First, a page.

Just as Kiran and Ashok enjoy being indulgent confidantes to their grandchildren, other grandparents benefit in other ways. Sonali Sharma, Joint Director, Communications at HelpAge India, a New Delhi-headquartered NGO for the elderly, found that when grandparents care for grandchildren, it wins them more respect and concern from their own children. What’s more, the grandchild’s company helps alleviate the grandparent’s loneliness.

In the rural context, the presence of grandparents meant the grandchild benefited healthwise too, said Sonali. “HelpAge has a monthly ration programme (of items such as rice, soap, oil, detergent, etc.) and income generation schemes (where we provide seed money) for the needy among the elderly. These benefits always trickle down the family chain, to the grandchild. That, in turn, means the earning members of the family treat the aged person with more respect.”

But when do grandparent and grandchild bond the most? “When the grandparent is in a ‘supervisory’ or ‘supportive’ role with respect to the grandchild,” says Dr. Datta. “Unfortunately, today, grandparents are expected to take on the parents’ role. Worse, modern parents expect their parents to listen to them when it comes to childcare. So there is a sense that they are not doing things the ‘right’ way. Also there are more expectations and pressures on the grandparents — take the child to pre/play school, pick him or her up, take her to the parent-prescribed activity and so on.”

While grandparents now take on greater responsibilities, parents are not exactly doing much ‘parenting’. “Now, there is no emotional connect with the child. Naturally, the child, in turn, won’t go to the parent to discuss day-to-day problems. We need more responsible parenting from parents,” Dr. Datta said.

That grandparents provide unlimited love and support is something Manisha knows well. Her daughter, now seven, lives with her in Delhi. “My daughter finally came to stay with me when she was four. My parents stayed till she got used to being with me, to school and day care in Delhi. Even now, whenever she is sick, they are here. And she spends her holidays with them in Uttarakhand. I personally believe that children should grow naturally in the care of their parents, mainly because grandparents are simply too lenient. At the same time, my parents’ love and patience are immense,” she added.

Family day care system

A decade or so ago, there was the family day care (FDC) system of child care in the Mumbai suburbs. This was a ‘group care’ system, conducted by housewives. They would volunteer to care for children of different age groups — from infants to toddlers, pre-schoolers to school children. They had flexible timings (unlike the set times offered by day care centres) and offered a safe, secure and home-like environment for their wards. Since it was a neighbourhood-based system, it was easily accessible to the working women in the area.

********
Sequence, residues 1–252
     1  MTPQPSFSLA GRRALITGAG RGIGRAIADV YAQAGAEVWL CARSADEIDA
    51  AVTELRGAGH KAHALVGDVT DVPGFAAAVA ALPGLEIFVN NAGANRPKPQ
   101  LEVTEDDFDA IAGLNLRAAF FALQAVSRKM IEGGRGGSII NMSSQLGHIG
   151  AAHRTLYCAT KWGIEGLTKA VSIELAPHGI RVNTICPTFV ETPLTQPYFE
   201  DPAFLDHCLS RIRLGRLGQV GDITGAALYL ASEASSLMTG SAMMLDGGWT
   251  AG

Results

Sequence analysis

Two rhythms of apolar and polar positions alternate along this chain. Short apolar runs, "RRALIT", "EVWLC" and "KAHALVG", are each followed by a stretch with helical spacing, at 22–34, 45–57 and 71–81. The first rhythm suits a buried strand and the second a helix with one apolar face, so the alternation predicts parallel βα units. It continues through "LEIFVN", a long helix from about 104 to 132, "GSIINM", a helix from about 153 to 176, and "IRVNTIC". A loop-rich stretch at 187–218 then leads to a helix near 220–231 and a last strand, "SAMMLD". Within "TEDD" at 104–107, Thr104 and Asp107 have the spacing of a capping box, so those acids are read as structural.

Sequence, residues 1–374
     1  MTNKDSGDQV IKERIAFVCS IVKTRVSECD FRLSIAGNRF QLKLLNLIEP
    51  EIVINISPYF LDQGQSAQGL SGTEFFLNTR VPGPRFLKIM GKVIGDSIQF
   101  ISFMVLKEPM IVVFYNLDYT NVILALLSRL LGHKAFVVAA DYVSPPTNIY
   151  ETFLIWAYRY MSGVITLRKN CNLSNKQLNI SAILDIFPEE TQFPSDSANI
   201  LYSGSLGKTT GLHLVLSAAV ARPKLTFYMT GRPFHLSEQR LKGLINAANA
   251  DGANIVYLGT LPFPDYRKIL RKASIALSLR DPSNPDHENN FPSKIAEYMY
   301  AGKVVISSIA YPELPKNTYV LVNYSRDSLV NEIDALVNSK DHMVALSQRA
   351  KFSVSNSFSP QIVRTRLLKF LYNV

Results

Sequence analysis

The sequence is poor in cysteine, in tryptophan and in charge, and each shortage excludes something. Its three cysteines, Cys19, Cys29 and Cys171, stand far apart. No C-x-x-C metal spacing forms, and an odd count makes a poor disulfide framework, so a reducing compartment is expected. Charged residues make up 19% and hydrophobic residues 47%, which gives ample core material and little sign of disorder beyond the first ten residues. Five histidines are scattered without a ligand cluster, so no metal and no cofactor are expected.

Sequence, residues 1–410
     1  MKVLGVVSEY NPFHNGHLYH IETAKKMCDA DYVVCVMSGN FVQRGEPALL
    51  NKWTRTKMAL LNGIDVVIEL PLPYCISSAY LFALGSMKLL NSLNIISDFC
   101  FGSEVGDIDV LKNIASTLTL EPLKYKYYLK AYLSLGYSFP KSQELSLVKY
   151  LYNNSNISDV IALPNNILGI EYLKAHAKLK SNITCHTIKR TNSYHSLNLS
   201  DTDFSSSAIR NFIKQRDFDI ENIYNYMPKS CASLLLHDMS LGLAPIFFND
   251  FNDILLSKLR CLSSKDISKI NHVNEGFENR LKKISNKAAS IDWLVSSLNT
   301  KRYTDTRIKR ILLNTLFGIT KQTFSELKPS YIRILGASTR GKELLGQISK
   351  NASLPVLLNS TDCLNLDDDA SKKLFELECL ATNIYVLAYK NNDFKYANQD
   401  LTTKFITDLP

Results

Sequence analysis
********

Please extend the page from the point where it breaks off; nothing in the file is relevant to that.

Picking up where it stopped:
The carers were mostly middle-aged middle-class women who contributed to their family income through this work. The advantage was that parents could make arrangements with the providers, as per their work schedules. At times, this meant that the carer worked 12 to 14 hours. But since they were not specially trained, the children received no mental or physical stimulation. Dr. Datta noted, in a paper titled “Childcare in India: Emerging issues and challenges for the 21st century,” that this system is now being phased out by day care centres.

From housewives to a Harvard grad

Today, it is not a housewife but a Harvard Business School (HBS) graduate who is willing to provide childcare services in a stimulating, secure and ‘on-site’ environment. The Harvard grad is Sridevi Raghavan. And the business plan she submitted and subsequently received private equity funding for (while at HBS), led to her setting up Chennai-based start-up Amelio Child Care (ACC), where Sridevi is CEO and her husband Raghavan Jawahar is Director. The name itself is taken from “ameliorate”, meaning “to make better” the situation of working mothers. The company is active in seven centres across Chennai at locations ranging from residential townships to technology parks/company premises.

“In a township, residents send their children to our centres and, in a company office, employees receive the same benefit,” Sridevi said. At Amelio, six-month-olds to eight-year-olds are cared for. While infants are in the day care section, the older children follow a pre-school and after-school system. “We adhere to U.S.-based National Association for Education of Young Children (NAEYC) standards with our curriculum. The foundation of our programme is based on community involvement, so we encourage parents to interact with the children. So for the child there is a sense of connection between home and school.” ACC will soon set up centres in other cities.

* names changed

For advice/tips on dealing with childcare and other issues, grandparents can check http://www.grandparentsplus.org.uk/grandparents-helping-childcare